SALT LAKE CITY—An analysis by the Utah State Auditor’s office put numbers to the perception that starting salaries for teachers are lower than they are for graduates in other professions.
The study “points towards an issue that should not be ignored,” reads the report, published by the office of John Dougall, state auditor.
“Given the significant difference between salary opportunities, the shortage of highly-qualified mathematics teachers may be driven in part by this disparity,” it reads.
College graduates with bachelor’s degrees in math would, on average, be able to find jobs with starting salaries around $56,195, according to estimates compiled by the auditor’s office.
Engineering graduates are estimated to start at $59,616, and computer science graduates at $64,071.
Those numbers are presented in contrast with the first-year salary of a teacher, estimated at $36,577.
That makes the teacher’s salary just 65 percent of the salary for someone with a math degree working in another field, 61 percent of the salary an engineering graduate would likely receive, and 57 percent of a computer science graduate’s starting salary.
Degrees in family and consumer sciences are estimated to match beginning salaries for teachers.
Those with degrees in history are estimated to make $39,059; those in communication and journalism, $42,776; in physical sciences, $41,105 and social sciences, $58,974.
The only salary that came in lower than a teacher’s was for physical education majors, who were estimated to start at $35,696.
“Reports indicate that many schools in Utah’s public education system struggle to find sufficient highly-qualified teachers to fill their staffing needs,” reads the report, “particularly in the fields of mathematics, science, or special education.”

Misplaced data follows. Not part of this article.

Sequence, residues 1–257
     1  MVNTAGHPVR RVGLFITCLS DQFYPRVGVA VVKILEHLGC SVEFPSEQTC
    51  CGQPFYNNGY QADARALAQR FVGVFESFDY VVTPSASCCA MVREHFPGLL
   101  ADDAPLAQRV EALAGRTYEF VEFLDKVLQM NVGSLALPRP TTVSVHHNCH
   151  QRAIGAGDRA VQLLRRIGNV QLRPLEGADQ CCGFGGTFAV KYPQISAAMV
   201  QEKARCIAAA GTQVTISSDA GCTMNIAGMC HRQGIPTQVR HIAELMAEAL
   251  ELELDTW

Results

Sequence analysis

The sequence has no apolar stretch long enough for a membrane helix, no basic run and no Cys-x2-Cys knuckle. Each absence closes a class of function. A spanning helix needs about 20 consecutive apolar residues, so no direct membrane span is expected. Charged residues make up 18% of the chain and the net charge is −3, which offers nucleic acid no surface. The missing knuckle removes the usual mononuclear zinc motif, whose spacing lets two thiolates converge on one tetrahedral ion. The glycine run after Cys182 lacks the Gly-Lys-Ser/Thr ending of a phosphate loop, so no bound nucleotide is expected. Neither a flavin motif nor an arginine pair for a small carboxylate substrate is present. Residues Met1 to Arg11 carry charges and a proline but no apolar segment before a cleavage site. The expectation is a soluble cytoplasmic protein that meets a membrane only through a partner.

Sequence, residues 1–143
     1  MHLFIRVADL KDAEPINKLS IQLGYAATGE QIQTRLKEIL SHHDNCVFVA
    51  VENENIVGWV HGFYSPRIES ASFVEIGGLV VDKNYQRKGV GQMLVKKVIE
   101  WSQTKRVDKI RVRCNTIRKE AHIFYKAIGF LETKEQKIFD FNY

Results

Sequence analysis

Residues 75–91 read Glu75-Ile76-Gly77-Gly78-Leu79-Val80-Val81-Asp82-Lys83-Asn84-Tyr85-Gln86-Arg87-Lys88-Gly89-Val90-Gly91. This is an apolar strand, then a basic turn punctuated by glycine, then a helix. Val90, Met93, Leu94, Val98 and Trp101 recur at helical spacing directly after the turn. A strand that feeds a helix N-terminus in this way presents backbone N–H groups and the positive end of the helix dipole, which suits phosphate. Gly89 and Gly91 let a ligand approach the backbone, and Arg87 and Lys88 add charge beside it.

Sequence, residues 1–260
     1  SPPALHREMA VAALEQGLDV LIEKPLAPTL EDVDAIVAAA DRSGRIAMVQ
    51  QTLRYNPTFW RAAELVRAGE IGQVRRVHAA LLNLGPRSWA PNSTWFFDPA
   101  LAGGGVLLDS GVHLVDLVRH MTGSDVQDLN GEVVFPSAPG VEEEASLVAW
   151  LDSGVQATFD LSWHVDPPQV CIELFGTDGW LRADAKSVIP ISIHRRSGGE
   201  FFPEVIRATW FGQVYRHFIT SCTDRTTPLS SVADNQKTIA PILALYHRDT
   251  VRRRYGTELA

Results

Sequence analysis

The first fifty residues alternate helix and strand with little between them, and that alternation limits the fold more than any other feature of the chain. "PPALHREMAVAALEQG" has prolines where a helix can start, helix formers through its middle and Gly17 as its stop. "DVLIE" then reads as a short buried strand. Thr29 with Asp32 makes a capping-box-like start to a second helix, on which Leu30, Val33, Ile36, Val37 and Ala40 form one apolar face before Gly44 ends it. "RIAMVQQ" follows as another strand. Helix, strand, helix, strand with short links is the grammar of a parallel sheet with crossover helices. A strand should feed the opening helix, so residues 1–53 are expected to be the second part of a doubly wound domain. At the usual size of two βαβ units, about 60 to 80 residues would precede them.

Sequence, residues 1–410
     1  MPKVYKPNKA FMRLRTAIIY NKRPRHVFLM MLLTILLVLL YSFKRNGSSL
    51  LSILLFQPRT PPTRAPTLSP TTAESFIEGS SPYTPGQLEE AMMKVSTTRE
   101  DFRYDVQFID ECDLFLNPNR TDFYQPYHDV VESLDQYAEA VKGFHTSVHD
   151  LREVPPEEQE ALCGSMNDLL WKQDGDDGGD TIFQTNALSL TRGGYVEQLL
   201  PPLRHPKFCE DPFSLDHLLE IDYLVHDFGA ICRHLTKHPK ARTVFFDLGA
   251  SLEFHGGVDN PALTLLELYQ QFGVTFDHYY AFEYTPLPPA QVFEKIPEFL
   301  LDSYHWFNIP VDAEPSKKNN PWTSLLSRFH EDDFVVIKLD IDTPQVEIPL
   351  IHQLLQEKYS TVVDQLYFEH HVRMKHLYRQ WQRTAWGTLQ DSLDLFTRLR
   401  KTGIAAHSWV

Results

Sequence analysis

Tamara Lowe, a member of the Davis School District Board of Education who has worked with teachers in training, said she feels badly that teaching has become an undesirable occupation because of the salary involved.
“After four-years of hard work and large student loans, a $35,000 to $36,000 a year salary is not a pleasing possibility,” she said.
It is up to the state legislature to provide more funds for education, she said.
“The only thing we can do is beg, and we do that,” she said.
The flat income tax passed by Gov. Jon Huntsman hurt education funding, she said. While she feels Gov. Herbert supports more money for education, legislators “just look at you and laugh” if you suggest a tax increase, though she said many people support it knowing it would benefit Utah students.
The auditor’s study states that many studies “indicate the importance of having a highly-qualified teacher in the classroom. ”
The report encourages “policymakers and education professionals” to look at how the difference in salaries might impact the supply of teachers.
It concludes with this recommendation:
“While salary is just one of several factors in choosing career opportunities, it is an important factor for many graduates and students entering college. The public education system should reconsider its compensation practices, particularly in regards to this information and the competing opportunities graduates have.”